Letter from the Editor: Therapy is Making Me Better at My Job
A note from the BWH Editor-in-Chief, Heather Croteau
If there's a knock-knock joke about the Type-A, image-obsessed achiever who's 30 minutes late for their first therapy appointment, I'm the punchline.
It was 10:15 and I was driving confidently to meet my new therapist (after having practice-driven the course on my way home from work one day prior) when she sent me a text gently asking whether I was having trouble finding her office. The realization that I was late hit hard. I swerved into a parking lot and fumbled through my email inbox, looking for the appointment confirmation. When it instead confirmed my lateness, I swore, hit the steering wheel and called her to apologize. The next call I made was to my husband, lamenting my foolishness at calendaring my therapy appointment a half hour too late. My first therapy appointment. "I don't do things like this!" I wailed into the phone, frustration and panic mounting as I raced to catch the last 30 minutes of my scheduled time.
I was consumed with the mistake; I could think of nothing else. And not just in that moment, either—when I sat on the couch, introducing myself and apologizing repeatedly. When I arrived at work and started wading through emails. When I attempted to write copy later in the afternoon and found my mind wandering back to my “ruined” first impression. Anxiety was overflowing, and it left little room for creative thought. The irony was not lost on me (or my therapist, of course): how kismet it is to screw up your first time meeting someone with whom your primary purpose of meeting is to discuss your fear of screwing up.
In seeking help from a licensed mental health counselor, I am not alone amongst my peers—and it’s not a coincidence that so many others in my industry (creative services) struggle to maintain their mental health. There is a powerful link between creativity and mental illness. Well known are Van Gogh’s severed ear and Sylvia Plath’s own experience in the bell jar, but mental illness doesn’t always present to such extremes. The burden affecting creative people often looks like insecurity, self-loathing, intense self-doubt. Substance abuse—nicotine, alcohol, marijuana being the least of these—becomes a coping mechanism for everything from a fear of failure to the fear of success.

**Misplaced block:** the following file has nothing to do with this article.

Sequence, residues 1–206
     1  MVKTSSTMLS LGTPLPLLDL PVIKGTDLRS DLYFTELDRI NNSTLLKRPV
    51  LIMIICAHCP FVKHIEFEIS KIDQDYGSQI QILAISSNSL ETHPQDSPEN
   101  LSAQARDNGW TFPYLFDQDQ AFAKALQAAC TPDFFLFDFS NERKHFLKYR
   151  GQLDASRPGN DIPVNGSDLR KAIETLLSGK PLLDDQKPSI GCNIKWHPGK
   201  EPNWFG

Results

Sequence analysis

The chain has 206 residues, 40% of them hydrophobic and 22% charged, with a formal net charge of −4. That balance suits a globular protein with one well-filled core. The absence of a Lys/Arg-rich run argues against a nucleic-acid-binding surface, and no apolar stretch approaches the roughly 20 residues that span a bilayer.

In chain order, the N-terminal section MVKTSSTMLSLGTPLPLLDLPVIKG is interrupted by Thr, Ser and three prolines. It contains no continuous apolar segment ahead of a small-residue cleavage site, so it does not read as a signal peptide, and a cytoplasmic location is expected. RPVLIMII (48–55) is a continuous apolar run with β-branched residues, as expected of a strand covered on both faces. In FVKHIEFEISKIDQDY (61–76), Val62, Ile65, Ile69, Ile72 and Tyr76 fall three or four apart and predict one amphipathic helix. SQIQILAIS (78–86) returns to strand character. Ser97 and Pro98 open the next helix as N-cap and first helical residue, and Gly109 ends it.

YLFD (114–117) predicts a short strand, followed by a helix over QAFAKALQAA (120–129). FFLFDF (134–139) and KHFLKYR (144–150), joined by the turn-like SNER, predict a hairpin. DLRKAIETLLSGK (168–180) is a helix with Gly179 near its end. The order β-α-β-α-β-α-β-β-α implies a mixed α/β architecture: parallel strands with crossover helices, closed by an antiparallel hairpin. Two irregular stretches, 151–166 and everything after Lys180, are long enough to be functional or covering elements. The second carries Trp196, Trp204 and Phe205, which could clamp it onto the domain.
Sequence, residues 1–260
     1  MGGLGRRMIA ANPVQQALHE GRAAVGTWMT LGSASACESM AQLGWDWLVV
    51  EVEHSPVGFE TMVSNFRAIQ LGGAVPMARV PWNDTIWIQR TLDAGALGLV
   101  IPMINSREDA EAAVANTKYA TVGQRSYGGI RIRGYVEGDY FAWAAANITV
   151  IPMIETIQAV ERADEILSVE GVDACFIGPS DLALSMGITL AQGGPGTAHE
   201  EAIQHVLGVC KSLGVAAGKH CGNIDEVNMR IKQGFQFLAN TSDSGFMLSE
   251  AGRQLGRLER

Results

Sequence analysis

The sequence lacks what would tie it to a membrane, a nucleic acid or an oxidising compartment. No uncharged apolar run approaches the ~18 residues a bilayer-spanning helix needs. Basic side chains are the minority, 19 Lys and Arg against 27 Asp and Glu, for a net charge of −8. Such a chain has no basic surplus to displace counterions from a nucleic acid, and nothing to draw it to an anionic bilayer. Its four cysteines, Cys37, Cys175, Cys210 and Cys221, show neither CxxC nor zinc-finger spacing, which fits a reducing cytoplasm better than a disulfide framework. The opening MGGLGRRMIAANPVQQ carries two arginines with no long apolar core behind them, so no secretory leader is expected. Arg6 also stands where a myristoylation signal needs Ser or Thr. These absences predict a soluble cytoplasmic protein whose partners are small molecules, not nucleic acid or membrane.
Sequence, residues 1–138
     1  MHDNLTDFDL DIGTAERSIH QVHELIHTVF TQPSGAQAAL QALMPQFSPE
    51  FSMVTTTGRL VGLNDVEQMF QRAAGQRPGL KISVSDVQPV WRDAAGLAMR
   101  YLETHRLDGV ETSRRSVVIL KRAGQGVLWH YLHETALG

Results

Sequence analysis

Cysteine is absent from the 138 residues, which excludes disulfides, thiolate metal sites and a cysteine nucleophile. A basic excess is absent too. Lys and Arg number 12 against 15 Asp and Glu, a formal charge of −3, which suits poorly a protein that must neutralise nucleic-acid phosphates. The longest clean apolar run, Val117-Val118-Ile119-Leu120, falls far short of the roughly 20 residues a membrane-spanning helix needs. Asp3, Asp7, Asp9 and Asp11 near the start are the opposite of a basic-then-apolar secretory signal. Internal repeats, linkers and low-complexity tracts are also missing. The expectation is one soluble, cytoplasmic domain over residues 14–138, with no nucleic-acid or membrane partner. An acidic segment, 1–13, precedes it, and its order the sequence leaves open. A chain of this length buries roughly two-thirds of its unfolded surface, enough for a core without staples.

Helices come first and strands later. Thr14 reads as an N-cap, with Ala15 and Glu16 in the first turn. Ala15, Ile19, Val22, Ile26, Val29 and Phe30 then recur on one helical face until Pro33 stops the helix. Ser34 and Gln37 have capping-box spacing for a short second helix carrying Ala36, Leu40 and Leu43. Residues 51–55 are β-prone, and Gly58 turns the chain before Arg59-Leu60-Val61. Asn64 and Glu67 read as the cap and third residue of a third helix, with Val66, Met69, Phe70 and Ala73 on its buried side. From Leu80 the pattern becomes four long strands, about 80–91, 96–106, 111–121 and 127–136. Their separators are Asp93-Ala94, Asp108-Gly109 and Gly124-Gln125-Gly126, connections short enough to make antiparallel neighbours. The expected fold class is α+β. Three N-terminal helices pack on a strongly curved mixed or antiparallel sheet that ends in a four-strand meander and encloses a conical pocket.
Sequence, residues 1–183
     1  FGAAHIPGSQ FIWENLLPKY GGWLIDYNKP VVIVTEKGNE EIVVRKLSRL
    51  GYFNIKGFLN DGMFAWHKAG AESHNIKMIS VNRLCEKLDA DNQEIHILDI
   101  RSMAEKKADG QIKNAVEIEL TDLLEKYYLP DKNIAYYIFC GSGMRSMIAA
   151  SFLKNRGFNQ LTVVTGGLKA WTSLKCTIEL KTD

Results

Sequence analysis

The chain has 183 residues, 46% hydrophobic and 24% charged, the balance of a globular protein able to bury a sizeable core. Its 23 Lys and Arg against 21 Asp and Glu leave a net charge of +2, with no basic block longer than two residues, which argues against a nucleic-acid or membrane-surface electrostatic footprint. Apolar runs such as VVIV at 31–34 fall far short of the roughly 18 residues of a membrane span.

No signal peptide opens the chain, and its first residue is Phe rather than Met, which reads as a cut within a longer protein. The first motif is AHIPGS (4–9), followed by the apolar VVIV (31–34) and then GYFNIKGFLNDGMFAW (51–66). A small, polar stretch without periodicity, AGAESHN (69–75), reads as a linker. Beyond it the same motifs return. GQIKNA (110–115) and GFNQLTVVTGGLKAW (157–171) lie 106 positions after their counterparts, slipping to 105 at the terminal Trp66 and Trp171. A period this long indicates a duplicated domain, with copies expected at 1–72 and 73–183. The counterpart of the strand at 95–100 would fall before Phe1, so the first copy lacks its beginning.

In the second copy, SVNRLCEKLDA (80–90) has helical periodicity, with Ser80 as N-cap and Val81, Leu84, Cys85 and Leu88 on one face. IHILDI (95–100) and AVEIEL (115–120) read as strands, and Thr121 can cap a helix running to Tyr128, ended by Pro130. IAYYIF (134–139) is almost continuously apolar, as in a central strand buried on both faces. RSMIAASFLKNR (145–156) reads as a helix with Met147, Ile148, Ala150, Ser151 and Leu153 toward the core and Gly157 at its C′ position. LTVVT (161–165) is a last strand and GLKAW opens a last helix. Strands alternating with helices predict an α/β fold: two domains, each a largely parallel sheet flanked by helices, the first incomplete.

There are indeed the common clinical diagnoses, to which Van Gogh and Plath surely related. Neuroscientist Nancy C. Andreasen has spent decades studying creativity, and in reporting on her research, she wrote: “The creative subjects and their relatives have a higher rate of mental illness than the controls and their relatives do. The most-common diagnoses include bipolar disorder, depression, anxiety or panic disorder, and alcoholism. [...] [My colleague] and I discussed whether some particularly creative people owe their gifts to a subclinical variant of schizophrenia that loosens their associative links sufficiently to enhance their creativity but not enough to make them mentally ill.”
(Of course, mental health is not only a topic of concern for the creative industry. Indeed, Andreasen’s own work considered scientists tangential to artists, creators in their own right—of hypotheses, which are themselves ideas that exist only to be proven or disproven.)
Of artists and scientists, she says: “They have to confront doubt and rejection. And yet they have to persist in spite of that, because they believe strongly in the value of what they do. This can lead to psychic pain, which may manifest itself as depression or anxiety, or lead people to attempt to reduce their discomfort by turning to pain relievers such as alcohol. [...] Persisting in the face of doubt or rejection, for artists or for scientists, can be a lonely path—one that may also partially explain why some of these people experience mental illness.”